1. Institute of Biomedicine & Department of Cell Biology, College of Life Science and Technology, Jinan University; Guangdong Province Key Laboratory of Bioengineering Medicine; Guangdong Provincial biotechnology drug & Engineering Technology Research Center; National Engineering Research Center of Genetic Medicine, Guangzhou, Guangdong, 510632, P. R. China.
2. Guangdong-Hong Kong-Macau Institute of CNS Regeneration, Ministry of Education CNS Regeneration Collaborative Joint Laboratory, Jinan University, Guangzhou, Guangdong 510632, China.
3. School of Pharmaceutical Sciences, Health Science Centre, Shenzhen University, Shenzhen, 518060, China.
#These authors contributed to this work equally.
Background: Fibroblast growth factor receptors (FGFRs) are key targets for nerve regeneration and repair. The therapeutic effect of exogenous recombinant FGFs in vivo is limited due to their high molecular weight. Small peptides with low molecular weight, easy diffusion, low immunogenicity, and nontoxic metabolite formation are potential candidates. The present study aimed to develop a novel low-molecular-weight peptide agonist of FGFR to promote nerve injury repair.
Methods: Phage display technology was employed to screen peptide ligands targeting FGFR2. The peptide ligand affinity for FGFRs was detected by isothermal titration calorimetry. Structural biology-based computer virtual analysis was used to characterize the interaction between the peptide ligand and FGFR2. The peptide ligand effect on axon growth, regeneration, and behavioral recovery of sensory neurons was determined in the primary culture of sensory neurons and dorsal root ganglia (DRG) explants in vitro and a rat spinal dorsal root injury (DRI) model in vivo. The peptide ligand binding to other membrane receptors was characterized by surface plasmon resonance (SPR) and liquid chromatography-mass spectrometry (LC-MS)/MS. Intracellular signaling pathways primarily affected by the peptide ligand were characterized by phosphoproteomics, and related pathways were verified using specific inhibitors.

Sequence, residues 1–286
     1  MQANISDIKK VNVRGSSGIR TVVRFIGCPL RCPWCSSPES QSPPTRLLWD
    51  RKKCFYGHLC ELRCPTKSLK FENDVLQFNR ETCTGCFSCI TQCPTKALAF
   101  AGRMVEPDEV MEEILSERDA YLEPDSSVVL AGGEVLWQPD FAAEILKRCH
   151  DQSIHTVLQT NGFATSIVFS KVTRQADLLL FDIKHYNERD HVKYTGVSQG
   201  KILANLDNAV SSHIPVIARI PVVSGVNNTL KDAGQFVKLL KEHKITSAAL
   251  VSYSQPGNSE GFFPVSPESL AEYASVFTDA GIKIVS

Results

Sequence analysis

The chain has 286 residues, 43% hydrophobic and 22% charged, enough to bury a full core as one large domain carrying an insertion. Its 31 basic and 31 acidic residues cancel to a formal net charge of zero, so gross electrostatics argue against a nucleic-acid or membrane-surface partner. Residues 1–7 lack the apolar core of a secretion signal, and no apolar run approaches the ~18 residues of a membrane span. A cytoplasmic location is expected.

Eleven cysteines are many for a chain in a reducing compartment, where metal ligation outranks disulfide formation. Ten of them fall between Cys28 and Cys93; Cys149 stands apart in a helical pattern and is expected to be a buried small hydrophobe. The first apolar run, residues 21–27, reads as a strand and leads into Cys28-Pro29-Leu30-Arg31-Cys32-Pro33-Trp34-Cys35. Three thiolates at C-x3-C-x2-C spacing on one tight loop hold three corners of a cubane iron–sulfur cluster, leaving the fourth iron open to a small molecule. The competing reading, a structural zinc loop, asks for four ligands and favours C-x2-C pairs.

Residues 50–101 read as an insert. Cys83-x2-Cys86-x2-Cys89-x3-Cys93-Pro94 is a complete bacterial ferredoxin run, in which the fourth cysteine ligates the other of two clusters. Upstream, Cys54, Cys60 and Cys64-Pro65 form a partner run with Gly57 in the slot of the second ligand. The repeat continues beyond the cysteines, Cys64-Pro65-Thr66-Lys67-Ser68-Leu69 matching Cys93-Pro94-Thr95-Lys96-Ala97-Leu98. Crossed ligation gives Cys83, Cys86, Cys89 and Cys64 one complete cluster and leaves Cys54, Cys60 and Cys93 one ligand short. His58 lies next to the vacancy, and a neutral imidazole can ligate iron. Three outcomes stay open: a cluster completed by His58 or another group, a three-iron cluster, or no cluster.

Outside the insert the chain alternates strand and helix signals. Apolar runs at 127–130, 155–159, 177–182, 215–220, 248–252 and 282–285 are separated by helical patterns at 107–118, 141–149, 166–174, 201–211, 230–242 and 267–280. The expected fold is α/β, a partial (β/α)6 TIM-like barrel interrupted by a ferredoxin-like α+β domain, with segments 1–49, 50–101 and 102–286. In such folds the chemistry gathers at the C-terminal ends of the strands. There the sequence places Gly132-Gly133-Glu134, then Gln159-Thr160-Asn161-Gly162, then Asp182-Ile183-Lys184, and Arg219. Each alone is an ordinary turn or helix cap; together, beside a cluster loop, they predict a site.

Results: We identified a novel FGFR-targeting small peptide, CH02, with seven amino acid residues. CH02 activated FGFR signaling through high-affinity binding with the extracellular segment of FGFRs and also had an affinity for several receptor tyrosine kinase (RTK) family members, including VEGFR2. In sensory neurons cultured in vitro, CH02 maintained the survival of neurons and promoted axon growth. Simultaneously, CH02 robustly enhanced nerve regeneration and sensory-motor behavioral recovery after DRI in rats. CH02-induced activation of FGFR signaling promoted nerve regeneration primarily via AKT and ERK signaling downstream of FGFRs. Activation of mTOR downstream of AKT signaling augmented axon growth potential in response to CH02.
Conclusion: Our study revealed the significant therapeutic effect of CH02 on strengthening nerve regeneration and suggested a strategy for treating peripheral and central nervous system injuries.
Keywords: Peptides, Fibroblast growth factor receptor, Dorsal root ganglia, Nerve regeneration, Dorsal root crush injury